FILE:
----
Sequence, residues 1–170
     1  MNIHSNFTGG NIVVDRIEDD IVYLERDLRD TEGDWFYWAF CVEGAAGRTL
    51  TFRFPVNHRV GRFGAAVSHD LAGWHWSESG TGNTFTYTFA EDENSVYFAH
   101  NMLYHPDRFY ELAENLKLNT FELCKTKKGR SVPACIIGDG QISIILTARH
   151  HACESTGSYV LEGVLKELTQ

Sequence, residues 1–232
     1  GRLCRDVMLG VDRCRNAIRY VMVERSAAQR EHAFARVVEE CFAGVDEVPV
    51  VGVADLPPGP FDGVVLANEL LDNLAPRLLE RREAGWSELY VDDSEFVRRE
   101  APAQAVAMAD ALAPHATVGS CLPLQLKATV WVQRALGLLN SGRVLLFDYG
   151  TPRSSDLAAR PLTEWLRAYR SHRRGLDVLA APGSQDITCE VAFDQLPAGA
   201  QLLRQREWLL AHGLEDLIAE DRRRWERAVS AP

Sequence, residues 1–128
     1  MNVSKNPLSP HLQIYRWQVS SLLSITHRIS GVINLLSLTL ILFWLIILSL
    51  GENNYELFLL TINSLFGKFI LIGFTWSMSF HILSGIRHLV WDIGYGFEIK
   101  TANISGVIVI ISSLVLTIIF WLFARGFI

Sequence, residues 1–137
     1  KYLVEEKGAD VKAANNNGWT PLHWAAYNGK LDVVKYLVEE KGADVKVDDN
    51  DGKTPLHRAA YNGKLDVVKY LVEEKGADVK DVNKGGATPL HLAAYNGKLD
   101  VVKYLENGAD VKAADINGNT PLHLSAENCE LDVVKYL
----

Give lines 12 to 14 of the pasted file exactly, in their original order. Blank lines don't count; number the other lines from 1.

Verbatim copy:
Sequence, residues 1–128
     1  MNVSKNPLSP HLQIYRWQVS SLLSITHRIS GVINLLSLTL ILFWLIILSL
    51  GENNYELFLL TINSLFGKFI LIGFTWSMSF HILSGIRHLV WDIGYGFEIK